Since 2014, Russia’s war against Ukraine has been marked by crimes against journalists and the destruction of independent journalism in the temporarily occupied territories of Ukraine. Murders and abductions of media representatives, arrests, seizure of television towers, groundless searches of editorial premises – it’s only a small list of crimes committed by the Russian occupiers against media. This is underscored in the statement by the Ministry of Foreign Affairs of Ukraine.
Since February 2022, during eight months of full-scale aggression, Russia committed 457 crimes against journalists and media in Ukraine, according to the monitoring data of the Institute of Mass Information. As of October 2022, the Russian occupiers killed more than 40 Ukrainian and foreign journalists.
“We also note the alarming deterioration of the situation with human rights and freedom of speech in the temporarily occupied Crimea. After the occupation in 2014, when independent journalists were forced out of the peninsula or arrested, the phenomenon of citizen journalism developed on the peninsula. Ordinary citizens, risking their lives, join in covering the crimes of the Russian occupiers,” the diplomats noted.
According to human rights defenders, currently 14 journalists, in particular, citizen journalists, are being held behind bars in occupied Crimea or the Russian Federation.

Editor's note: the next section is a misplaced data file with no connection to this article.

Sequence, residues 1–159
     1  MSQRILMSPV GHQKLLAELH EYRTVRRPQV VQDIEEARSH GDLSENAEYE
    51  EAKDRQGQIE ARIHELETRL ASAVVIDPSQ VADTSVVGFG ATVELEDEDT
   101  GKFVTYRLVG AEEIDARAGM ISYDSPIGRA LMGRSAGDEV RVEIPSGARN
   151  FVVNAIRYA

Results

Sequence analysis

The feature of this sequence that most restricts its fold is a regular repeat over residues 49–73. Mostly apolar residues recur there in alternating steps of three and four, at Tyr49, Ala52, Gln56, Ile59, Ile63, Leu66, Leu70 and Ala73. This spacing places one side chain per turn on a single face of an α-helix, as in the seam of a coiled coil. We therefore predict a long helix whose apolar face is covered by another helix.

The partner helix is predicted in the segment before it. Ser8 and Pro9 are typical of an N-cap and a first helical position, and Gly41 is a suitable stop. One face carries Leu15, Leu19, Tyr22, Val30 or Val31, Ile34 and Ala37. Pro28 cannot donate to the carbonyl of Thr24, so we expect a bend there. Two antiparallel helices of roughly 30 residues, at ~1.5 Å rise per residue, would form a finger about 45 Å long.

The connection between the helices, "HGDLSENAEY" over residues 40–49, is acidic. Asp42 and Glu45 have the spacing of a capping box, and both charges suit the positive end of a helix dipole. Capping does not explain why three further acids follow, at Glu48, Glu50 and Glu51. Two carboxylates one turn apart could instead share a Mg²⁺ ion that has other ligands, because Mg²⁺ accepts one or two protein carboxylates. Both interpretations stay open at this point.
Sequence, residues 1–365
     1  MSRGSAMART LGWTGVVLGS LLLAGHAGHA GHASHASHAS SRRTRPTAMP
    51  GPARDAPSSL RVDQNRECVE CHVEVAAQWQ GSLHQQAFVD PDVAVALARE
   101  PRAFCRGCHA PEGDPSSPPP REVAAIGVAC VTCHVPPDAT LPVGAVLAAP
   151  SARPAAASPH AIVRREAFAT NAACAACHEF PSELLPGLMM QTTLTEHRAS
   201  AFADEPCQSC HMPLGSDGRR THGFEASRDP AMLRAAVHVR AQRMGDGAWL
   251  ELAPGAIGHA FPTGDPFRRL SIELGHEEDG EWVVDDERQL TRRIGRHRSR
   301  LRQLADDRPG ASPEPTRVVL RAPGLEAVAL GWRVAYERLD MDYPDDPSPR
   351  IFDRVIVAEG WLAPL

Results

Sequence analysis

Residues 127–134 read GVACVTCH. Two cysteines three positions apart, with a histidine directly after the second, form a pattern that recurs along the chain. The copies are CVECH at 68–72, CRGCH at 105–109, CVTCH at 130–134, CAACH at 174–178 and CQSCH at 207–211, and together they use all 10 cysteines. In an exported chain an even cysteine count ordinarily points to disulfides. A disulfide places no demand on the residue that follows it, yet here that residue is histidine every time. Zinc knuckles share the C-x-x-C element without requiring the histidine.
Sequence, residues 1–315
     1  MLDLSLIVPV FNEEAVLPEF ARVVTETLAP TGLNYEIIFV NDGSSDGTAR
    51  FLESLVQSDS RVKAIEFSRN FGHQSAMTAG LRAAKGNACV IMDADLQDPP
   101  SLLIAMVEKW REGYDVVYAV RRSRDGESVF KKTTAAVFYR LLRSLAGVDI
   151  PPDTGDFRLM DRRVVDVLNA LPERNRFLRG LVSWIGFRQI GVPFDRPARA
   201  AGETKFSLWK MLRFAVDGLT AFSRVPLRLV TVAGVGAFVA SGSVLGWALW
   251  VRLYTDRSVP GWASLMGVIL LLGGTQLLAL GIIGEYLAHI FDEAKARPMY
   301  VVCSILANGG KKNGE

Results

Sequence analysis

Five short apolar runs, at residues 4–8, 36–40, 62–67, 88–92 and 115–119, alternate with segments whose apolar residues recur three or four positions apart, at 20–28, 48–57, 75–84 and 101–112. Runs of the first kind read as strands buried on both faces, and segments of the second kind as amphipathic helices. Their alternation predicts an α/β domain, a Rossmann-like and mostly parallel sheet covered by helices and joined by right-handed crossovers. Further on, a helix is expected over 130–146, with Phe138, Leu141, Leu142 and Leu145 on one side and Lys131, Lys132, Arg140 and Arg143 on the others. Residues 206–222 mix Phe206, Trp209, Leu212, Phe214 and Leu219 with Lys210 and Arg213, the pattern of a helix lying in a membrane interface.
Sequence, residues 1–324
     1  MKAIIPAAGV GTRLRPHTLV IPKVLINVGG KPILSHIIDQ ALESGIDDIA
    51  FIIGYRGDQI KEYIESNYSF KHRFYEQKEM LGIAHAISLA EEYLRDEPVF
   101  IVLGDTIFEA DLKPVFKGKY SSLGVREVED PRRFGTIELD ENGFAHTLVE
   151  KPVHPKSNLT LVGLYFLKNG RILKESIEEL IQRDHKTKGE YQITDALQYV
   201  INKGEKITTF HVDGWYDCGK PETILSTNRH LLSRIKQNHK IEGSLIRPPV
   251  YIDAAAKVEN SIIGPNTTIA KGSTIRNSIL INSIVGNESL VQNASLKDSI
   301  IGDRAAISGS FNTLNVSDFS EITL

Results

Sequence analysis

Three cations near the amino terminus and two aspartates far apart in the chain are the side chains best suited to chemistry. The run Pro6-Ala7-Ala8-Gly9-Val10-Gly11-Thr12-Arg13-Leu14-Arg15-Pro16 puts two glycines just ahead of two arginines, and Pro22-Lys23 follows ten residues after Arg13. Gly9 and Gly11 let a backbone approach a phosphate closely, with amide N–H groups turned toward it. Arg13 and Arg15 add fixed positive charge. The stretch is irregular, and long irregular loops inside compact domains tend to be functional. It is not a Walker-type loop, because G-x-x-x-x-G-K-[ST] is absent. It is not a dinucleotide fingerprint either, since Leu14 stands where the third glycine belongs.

Russia’s invasion launched a new wave of brutal repression against representatives of regional media: hundreds of media outlets in the temporarily occupied territories have been forced to stop their work due to threats and the impossibility of carrying out journalistic activities under the temporary occupation.
As the MFA stressed, the Ukrainian regions occupied by Russia are systematically isolated from the Ukrainian information space and Ukrainian broadcasting, and the national Internet providers are blocked there. The occupiers broadcast Russian state channels instead.
Russia also wages an active information war, spreading disinformation about Ukraine, conducting special operations to destabilise society and discredit relations with international partners.
It is critical now to consolidate joint efforts to combat Russian propaganda and disinformation, including by terminating the activities of Russian propaganda broadcasters abroad.
“In this context, we call on the international community to impose and expand sanctions against the Russian state media that spread false information, inter alia, aiming to justify Russia’s armed aggression against Ukraine.